How do my husband and I describe our first year with two kids?  As the BHP Iron Ore Train.  Every December, we do an annual planning meeting where we take stock of the year that just passed, and plan for the year ahead.  And this was the very first thing we wrote to describe the year 2013.

What exactly is the BHP Iron Ore Train, you may ask?  It’s the longest, heaviest train ever to run in the entire world.  682 cars, with 8 engines distributed along its length.  We learned about it from a book we read (and re-read, and re-read) to our oldest son: The Usborne Big Book of Big Trains…and Some Little Ones Too.  And it seemed to fit our experience to a T.

I admit the exhaustion of that first year with two kids caught me off guard.  My boys are 26 months apart, so we were two parents working full time with two kids in diapers.  (Parents of twins: you are my heroes.)  I knew I’d have my hands full, though I somehow convinced myself that two years of parenting experience would have lightened the load a bit.

No dice.  Yes, certain things were so much easier the second time around.  Breastfeeding was less of a struggle for me.  We knew our way around diaper changes and swaddles with our eyes closed and hands tied behind our backs.  I was able to pump milk so much more easily and got so much more at each pump session.  Weird baby sounds didn’t scare me (as much).

But the accumulated overwhelm felt crushing.  1 child + 1 child felt like 85 children.  For a long, long period of time, it seemed that no one in the house was sleeping.  If one child was waking up to eat, the other was waking up to go potty.  And as my older son exclaimed daily, “Mommy holds you!  Daddy holds baby!” I was starting to wonder if my fears about depriving my older child of attention were actually coming to pass.

That year was simply unlike anything I had ever experienced.  Wonder and horror all wrapped up in one.

Fast forward a few years.  My boys are now 5 and 7.  I’ve since learned that there is actually something called “second child syndrome,” which I learned about from Anne Marie Slaughter’s great book, Unfinished Business: Women Men Work Family.  And which studies have shown impacts women’s careers.  “Most women are totally unprepared for the impact of a second child on their working lives. It isn’t just the cost of childcare, although that’s important. It’s the lack of time, the strain on relationships of having both parents in work, the complex logistics of working life with two children. All these factors together prompt – and sometimes force – women to re-evaluate their priorities,” says Rebecca Abrams, the author of Three Shoes, One Sock and No Hair Brush: Everything You Need to Know About Having Your Second Child.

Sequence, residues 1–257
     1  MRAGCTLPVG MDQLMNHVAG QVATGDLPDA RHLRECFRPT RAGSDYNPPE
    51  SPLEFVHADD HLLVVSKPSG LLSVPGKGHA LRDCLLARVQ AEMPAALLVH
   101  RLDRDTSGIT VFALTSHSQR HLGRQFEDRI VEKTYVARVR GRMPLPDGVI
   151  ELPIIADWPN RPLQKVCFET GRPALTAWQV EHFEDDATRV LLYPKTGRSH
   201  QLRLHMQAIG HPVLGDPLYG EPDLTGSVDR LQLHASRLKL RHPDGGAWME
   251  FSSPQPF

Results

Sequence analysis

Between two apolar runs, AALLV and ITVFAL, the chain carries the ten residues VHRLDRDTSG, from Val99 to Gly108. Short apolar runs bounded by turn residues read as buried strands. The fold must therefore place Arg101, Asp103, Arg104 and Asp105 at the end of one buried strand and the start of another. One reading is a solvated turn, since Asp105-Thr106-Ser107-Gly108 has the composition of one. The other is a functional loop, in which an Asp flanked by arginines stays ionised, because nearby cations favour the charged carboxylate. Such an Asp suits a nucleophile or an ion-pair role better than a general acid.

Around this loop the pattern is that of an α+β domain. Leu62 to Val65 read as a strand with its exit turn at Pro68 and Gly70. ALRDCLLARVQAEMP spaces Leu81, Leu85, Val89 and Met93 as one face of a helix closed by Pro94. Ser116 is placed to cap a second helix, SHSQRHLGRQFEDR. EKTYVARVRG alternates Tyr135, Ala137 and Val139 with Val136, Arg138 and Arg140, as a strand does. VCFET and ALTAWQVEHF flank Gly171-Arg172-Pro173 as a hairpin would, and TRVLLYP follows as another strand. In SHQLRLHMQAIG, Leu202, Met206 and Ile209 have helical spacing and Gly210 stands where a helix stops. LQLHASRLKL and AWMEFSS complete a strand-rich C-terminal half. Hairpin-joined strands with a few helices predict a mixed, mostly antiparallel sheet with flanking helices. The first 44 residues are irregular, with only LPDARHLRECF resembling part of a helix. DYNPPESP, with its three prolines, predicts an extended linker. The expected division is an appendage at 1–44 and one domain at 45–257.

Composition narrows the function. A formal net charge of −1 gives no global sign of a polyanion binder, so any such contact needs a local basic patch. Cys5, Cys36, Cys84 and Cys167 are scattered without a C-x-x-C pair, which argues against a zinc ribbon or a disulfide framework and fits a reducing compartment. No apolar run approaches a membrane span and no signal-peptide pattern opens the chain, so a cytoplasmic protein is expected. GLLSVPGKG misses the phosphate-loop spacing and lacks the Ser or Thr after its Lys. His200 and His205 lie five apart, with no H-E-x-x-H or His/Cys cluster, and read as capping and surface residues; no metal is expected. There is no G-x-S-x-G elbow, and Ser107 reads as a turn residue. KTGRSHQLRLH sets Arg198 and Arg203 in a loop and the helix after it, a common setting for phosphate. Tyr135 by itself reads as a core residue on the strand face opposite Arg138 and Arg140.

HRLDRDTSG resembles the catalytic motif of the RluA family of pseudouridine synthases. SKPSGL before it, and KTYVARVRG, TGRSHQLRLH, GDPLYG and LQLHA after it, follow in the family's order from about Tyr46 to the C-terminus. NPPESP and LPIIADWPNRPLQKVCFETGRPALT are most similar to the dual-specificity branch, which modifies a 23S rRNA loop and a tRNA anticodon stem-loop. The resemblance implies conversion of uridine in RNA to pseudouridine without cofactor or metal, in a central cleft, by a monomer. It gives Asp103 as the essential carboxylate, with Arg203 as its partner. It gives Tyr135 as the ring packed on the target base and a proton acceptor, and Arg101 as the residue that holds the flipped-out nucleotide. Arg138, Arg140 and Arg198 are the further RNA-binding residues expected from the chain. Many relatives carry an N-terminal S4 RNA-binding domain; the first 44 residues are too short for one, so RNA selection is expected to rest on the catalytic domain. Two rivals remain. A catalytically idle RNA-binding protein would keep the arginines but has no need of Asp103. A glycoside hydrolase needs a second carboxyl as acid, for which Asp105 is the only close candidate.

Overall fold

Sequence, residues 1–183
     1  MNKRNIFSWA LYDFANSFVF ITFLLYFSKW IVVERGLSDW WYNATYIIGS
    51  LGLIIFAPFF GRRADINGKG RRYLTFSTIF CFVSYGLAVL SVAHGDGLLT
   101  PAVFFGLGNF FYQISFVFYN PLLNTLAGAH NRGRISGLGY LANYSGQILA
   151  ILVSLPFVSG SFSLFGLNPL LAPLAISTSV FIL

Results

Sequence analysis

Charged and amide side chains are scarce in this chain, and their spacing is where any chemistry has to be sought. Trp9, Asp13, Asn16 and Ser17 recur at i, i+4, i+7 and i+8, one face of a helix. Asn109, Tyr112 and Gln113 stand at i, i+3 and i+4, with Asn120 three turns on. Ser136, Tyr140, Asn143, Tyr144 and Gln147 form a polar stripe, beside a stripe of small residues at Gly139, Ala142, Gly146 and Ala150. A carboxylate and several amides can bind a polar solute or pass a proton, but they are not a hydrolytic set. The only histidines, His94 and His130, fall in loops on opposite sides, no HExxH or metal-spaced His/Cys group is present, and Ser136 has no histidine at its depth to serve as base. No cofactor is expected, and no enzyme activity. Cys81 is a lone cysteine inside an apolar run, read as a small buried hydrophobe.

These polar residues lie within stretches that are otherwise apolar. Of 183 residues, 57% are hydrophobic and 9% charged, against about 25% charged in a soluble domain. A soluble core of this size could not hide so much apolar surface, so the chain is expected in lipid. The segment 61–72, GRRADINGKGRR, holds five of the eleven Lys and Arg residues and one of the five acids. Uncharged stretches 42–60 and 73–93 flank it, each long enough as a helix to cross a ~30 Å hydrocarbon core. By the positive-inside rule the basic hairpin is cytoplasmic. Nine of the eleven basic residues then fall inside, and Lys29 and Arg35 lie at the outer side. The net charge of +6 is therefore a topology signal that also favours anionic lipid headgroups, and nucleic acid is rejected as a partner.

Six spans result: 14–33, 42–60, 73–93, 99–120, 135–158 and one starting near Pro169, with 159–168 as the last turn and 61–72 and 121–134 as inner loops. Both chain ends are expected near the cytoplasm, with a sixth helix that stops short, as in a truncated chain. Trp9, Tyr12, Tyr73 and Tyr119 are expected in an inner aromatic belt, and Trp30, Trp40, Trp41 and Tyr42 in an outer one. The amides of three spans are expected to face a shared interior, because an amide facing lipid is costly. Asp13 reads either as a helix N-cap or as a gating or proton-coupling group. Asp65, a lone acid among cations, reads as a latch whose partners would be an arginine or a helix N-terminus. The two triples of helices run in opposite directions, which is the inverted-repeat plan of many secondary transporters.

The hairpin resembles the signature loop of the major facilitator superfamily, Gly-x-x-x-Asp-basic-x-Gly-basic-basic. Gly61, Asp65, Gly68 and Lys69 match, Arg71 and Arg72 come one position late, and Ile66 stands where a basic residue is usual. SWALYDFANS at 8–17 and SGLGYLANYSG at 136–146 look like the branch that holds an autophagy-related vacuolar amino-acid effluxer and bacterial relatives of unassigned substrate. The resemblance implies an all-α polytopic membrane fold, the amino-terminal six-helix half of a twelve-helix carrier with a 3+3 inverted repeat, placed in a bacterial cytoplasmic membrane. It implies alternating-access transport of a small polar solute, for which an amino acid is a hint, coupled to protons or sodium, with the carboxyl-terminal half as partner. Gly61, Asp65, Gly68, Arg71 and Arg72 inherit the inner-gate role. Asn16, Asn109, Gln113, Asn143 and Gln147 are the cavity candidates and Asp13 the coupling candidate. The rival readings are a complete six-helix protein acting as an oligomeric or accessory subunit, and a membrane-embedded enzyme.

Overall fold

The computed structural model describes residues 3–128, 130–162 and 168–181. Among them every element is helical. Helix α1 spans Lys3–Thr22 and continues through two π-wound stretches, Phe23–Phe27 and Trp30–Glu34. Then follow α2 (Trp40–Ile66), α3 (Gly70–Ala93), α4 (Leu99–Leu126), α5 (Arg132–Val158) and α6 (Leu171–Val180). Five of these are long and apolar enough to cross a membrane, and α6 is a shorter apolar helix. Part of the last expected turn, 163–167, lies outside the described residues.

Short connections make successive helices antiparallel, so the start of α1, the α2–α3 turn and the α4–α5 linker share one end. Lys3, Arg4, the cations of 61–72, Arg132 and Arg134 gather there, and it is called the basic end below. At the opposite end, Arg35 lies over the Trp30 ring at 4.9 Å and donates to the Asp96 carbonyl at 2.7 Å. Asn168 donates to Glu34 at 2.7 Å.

In other words, it wasn’t just me.

So if 1 + 1 felt like 85 that first year, was it worth it?  Unequivocally YES.  Of course, I cannot imagine life without my youngest.  I learned some good skills around spending quality time with each child, too.  I upped my delegation and outsourcing game.  And I fine-tuned a whole bunch of other working mama ninja skills that are useful both at home and a work.

More importantly, though, I learned that there is nothing – and I mean nothing – like watching sibling love.  The way my boys have been able to make one another laugh, almost from the very beginning, is magical.  Seeing how they defend one another fiercely (in public, if provoking one another in good measure at home) is heartwarming.  And at this stage, there are actually times when they both go off to play together (gasp!), and we don’t hear from them for a long stretch of, oh, say, 20 minutes.

You know that saying, “the only way out is through?”  That was absolutely true for me in this first year with two kids.  Notably, our BHP Iron Ore didn’t crash.  Our kids are fine.  And though my husband and I may have a few more wrinkles and grey hairs, so are we.  We see much more of our pillows now than we used to.  And the experience of surviving that year really did give me a huge confidence boost.

After all, if you can pull the longest, heaviest train ever on record, you can certainly pull any shorter, lighter one that comes your way.

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